You’ve heard of these flavors being present in coffee, especially in single origin beans, but have you always been able to detect them? If you haven’t been able to relate to other coffee connoisseurs in profiling coffee, perhaps it is time to give filter coffee a try!
(Photo Credits: Tyler Nix)
Filter coffee, also known as drip coffee or pour over coffee, is brewed by running hot water through coffee grinds, which is then is passed through a coffee filter paper. The setup looks very much like a science experiment, and the resulting brew is equally mind-blowing! As this method doesn’t involve the use of pressurized water like in brewing espresso, it is much gentler on the coffee grinds. As such, filter coffee is mellower compared to espresso, allowing pleasant tasting notes to come through with lesser acidity and bitterness. Thus, filter coffee is best appreciated black.
What do you need to make filter coffee?
1. Coffee grinds, preferably single origin and medium-coarse grind size
2. Coffee dripper (V60, Chemex, etc)
3. Coffee filter
4. Coffee pot
6. Weighing scale
7. Grinder (optional, if you purchase ground beans)
How do you make filter coffee?
(Photo Credits: Tim Umphreys)
1. Set up the coffee filter in the neck of the coffee dripper, above the coffee pot. Rinse the filter with hot water.
2. Determine a grind-water ratio you wish to use (1:15, or 1g coffee grinds to 15ml water is a good start, and you can adjust accordingly with experience) and add the grinds to the filter.
3. Set up the weighing scale below the coffee pot and tare to account for the weight of the pot, filter, and grinds.
4. Heat up water to 90–96oC
5. Begin pouring a small stream of water, in an outward circular motion from the center of the coffee grinds. Ensure that you pour onto the grinds for an even extraction.
6. Once the water begins to collect, stop pouring and wait for it to pass through the filter.
7. Repeat Step 5 until the extraction output of filter coffee meets the ratio determined in step 2.
8. Steps 5-7 should be done over 3-5 minutes.
How can you train your coffee tasting skills with filter coffee?
While filter coffee is one of the best ways for you to discover tasting notes like never before, the onus is on you to train your coffee tasting skills. Here are some ways you can make the most out of your tasting sessions!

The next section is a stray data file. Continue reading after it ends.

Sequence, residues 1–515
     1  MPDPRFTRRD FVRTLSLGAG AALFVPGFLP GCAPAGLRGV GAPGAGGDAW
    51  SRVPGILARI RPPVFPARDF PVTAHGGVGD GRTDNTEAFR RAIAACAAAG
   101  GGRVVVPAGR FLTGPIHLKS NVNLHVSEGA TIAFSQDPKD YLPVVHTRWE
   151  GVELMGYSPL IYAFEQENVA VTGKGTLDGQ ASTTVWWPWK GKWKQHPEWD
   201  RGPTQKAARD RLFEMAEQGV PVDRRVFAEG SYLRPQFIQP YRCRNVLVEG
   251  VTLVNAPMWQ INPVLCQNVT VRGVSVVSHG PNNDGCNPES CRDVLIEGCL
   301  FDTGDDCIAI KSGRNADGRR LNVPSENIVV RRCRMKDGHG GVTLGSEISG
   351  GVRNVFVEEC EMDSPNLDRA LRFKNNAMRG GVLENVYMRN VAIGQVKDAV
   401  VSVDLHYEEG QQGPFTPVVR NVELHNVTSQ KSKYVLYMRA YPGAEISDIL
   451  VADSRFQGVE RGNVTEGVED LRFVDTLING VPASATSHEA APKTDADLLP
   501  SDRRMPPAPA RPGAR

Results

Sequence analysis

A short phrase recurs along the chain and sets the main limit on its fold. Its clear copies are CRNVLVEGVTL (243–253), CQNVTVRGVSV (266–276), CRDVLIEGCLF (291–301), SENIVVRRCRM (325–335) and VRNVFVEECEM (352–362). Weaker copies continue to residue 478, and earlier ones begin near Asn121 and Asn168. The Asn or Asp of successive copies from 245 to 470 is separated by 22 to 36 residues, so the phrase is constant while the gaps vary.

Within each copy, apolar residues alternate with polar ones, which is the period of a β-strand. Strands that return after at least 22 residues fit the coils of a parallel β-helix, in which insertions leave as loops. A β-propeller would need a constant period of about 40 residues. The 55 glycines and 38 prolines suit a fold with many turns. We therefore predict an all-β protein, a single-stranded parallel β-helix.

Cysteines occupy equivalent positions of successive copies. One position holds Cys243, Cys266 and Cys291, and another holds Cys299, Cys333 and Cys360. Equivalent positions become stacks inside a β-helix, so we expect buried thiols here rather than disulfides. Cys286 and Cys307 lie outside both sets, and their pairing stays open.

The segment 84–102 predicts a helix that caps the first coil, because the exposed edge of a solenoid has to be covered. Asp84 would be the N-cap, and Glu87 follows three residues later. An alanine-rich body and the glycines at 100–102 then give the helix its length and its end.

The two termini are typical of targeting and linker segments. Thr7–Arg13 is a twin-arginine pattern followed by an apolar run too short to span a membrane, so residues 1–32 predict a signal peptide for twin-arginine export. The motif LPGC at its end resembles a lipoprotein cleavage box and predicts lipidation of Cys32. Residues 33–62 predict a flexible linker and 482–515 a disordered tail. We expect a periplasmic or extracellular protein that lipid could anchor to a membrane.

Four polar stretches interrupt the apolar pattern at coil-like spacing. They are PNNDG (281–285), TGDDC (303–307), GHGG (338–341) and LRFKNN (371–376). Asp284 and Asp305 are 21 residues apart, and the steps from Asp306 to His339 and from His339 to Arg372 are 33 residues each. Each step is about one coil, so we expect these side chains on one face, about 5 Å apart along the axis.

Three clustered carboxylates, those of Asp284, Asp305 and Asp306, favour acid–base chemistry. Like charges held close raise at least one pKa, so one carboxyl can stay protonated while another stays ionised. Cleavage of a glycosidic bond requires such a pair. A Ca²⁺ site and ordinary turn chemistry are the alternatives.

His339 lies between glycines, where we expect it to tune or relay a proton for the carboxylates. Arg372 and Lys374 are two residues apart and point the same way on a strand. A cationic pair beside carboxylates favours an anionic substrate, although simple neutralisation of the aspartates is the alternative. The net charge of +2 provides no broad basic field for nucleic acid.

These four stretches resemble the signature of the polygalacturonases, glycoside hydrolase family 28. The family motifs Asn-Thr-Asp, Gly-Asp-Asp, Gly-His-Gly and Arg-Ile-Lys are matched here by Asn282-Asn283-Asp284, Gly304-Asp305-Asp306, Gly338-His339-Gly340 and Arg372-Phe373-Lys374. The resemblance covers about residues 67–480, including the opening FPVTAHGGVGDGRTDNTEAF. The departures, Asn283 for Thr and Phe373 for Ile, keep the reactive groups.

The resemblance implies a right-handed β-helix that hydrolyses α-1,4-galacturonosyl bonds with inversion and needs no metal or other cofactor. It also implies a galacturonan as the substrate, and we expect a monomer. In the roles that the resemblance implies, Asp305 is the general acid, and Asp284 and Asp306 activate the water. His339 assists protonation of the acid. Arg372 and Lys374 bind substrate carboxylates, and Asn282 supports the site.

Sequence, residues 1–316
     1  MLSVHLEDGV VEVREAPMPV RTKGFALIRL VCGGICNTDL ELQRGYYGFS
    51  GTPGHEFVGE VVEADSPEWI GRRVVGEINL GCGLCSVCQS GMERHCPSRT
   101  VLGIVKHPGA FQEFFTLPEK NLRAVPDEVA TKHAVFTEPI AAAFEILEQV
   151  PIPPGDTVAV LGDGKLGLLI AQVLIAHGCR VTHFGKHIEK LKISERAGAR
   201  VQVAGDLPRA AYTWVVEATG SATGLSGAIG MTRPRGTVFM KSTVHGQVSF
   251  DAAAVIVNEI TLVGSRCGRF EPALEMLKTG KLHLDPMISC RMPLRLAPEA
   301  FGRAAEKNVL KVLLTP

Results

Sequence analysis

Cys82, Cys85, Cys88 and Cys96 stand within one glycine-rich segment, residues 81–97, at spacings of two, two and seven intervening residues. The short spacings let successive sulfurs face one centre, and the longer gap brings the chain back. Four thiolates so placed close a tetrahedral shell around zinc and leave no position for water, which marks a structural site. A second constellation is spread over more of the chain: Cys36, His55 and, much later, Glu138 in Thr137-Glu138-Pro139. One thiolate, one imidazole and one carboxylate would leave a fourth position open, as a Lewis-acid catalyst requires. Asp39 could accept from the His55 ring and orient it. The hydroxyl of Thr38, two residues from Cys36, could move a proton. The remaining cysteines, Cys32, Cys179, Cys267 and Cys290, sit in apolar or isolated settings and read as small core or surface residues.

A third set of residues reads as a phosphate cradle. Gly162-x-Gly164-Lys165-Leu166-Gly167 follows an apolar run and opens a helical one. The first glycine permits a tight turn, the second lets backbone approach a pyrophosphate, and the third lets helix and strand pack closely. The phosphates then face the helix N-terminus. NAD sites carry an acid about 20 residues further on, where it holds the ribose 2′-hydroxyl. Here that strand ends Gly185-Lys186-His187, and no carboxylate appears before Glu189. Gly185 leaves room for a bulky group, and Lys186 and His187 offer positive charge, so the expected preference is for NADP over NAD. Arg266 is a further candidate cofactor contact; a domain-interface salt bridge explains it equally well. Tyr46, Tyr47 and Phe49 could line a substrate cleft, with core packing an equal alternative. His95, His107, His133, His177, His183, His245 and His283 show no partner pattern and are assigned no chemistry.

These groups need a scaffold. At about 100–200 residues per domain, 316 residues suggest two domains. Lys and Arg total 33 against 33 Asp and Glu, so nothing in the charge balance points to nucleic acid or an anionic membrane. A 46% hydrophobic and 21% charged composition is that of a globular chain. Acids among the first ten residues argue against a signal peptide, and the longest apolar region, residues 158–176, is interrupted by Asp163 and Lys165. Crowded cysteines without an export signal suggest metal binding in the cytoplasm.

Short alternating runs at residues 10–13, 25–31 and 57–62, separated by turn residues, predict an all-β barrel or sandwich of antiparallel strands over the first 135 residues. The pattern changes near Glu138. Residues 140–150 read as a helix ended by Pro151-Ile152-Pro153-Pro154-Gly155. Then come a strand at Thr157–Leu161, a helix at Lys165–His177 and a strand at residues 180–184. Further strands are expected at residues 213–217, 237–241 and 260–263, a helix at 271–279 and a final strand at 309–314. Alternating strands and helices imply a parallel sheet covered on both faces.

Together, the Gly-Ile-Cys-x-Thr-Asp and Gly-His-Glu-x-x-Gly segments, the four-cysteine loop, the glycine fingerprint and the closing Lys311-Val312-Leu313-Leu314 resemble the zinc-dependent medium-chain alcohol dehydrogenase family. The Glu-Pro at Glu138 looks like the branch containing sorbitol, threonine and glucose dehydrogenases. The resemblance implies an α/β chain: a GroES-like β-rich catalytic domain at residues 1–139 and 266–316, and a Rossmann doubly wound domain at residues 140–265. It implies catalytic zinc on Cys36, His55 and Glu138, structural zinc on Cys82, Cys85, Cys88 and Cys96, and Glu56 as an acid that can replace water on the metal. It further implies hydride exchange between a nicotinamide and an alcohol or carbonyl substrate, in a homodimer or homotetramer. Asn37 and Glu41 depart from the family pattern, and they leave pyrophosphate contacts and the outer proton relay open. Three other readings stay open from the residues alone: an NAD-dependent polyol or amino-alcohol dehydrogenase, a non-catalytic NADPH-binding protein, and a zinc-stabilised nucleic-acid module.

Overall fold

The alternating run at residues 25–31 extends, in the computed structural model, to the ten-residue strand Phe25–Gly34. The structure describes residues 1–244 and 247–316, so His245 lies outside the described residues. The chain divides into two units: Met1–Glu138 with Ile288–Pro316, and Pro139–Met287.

1. Test yourself
Be adventurous when buying beans! Don’t look at the tasting notes. Brew the coffee and taste it. Then, try to identify some flavors which you think are present. Check them against the tasting notes listed on the packaging and see if you correctly identified any. Then, taste again to try and detect those notes!
2. Take notes
(Photo Credits: Kelly Sikkema)
Get a notebook dedicated to coffee tasting. Each time you encounter a coffee with different flavors, write it down! Note the type of bean, the flavors identified, and list down what you associate the flavors with. What does the coffee remind you of? Was this flavor present in any other coffee you tried in the past?
3. Compare coffees
(Photo Credits: Battlecreek Coffee Roasters)
Sometimes, flavors can be very similar, and you might find yourself confused by these flavors. For example, berries, cherries, and fruity flavors might have some overlap and it can be difficult to distinguish between them. Find some coffees which have these flavors exclusively and taste them side by side to learn how to tell them apart.
4. Gather some friends
(Photo Credits: Toa Heftiba)
While coffee tasting can be done alone, it is always more fun with friends. Gather some of your friends, share tips on coffee brewing and mull over the flavors that are present in coffees together! Not only will your coffee journey be more enjoyable, you will also learn faster and perhaps have more coffee to taste!
Always remember that coffee tasting should be an enriching and enjoyable experience. The key to being an expert coffee connoisseur lies in being adventurous! Try as many beans as you can and as many brewing methods too. Different methods of brewing draw out different flavor profiles from the same type of bean. While filter coffee is one of the best ways to taste coffee and detect flavors, do not limit yourself to just one method of brewing or a single type of flavor profile! As the saying goes, the journey matters more than the destination.
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